What I particularly enjoyed from Congo Dia Ntotila, firstly was the length of the songs. Each far longer than that of what we tend to compose here in the west. The length allowed for a sense of journeying with the band through their music and their message. Bringing me on to my second point; the message that each song carried. Each song seemed to have a point to it, and each song obviously held deep meaning to the band, as Mulele would introduce the songs and talk of the issues in the Congo for instance, but also talking of the uplifting music of the Congo that is very obviously held is such high regard and pride for the band. 

    The musicianship of the band members was noticeably very professional, and very profound. With lead guitarist Mike nailing the complicated methods of Congolese Seben guitar playing in a couple insanely awesome guitar solos, and the diverse complex bass lines from Mulele, with the obvious multi-talents of David on drums and vocals, finally completed by the funky trumpet and sax. The overall compositions were in my opinion amazing, almost transcendent of being in the Congo hearing real music played by real people.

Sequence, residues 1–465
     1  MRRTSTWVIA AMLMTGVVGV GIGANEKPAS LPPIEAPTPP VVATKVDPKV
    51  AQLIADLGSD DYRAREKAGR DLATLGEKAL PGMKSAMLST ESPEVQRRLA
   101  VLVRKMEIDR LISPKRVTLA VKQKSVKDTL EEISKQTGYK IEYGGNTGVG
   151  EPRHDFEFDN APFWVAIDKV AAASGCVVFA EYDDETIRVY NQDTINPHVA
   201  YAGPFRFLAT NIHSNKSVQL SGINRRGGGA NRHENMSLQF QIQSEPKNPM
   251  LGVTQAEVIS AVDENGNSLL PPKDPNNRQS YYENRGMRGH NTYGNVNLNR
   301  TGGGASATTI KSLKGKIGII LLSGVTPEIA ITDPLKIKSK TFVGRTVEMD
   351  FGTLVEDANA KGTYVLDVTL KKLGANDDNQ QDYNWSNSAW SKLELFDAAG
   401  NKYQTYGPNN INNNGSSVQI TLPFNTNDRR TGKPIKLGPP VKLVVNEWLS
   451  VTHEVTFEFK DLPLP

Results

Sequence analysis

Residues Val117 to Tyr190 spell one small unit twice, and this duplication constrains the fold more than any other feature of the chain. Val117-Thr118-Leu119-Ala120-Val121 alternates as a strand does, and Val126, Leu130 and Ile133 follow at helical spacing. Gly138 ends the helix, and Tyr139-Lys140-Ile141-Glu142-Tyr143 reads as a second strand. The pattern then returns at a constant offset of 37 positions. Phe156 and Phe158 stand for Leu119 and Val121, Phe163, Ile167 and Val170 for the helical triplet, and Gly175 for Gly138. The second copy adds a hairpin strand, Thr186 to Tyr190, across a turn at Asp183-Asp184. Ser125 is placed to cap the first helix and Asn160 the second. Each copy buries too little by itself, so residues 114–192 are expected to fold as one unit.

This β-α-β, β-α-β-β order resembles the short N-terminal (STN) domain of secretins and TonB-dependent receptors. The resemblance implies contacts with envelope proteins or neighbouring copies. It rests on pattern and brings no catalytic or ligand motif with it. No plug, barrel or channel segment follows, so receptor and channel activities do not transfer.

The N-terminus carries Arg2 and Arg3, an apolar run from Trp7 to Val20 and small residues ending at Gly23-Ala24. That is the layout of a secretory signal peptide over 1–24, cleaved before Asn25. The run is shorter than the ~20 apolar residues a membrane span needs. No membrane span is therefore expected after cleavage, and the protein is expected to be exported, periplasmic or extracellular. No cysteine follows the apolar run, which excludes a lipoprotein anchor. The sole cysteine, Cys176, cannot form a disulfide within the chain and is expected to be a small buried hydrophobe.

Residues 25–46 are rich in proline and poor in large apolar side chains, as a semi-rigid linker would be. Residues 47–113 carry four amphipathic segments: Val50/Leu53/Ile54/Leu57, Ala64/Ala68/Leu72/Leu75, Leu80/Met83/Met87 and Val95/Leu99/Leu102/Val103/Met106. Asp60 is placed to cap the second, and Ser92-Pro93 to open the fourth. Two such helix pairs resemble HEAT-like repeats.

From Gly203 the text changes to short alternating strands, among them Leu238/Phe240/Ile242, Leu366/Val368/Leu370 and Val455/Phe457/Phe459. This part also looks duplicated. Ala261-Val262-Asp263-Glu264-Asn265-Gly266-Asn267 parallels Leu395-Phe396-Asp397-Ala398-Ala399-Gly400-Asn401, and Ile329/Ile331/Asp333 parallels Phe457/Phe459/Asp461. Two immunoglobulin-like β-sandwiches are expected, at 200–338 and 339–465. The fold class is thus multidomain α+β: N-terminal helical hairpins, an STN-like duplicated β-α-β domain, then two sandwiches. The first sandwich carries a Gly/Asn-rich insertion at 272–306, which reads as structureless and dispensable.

Congo dia Ntotila have been working hard in the studio for their upcoming album, and the band can be followed on Facebook for updates on forthcoming concerts and events.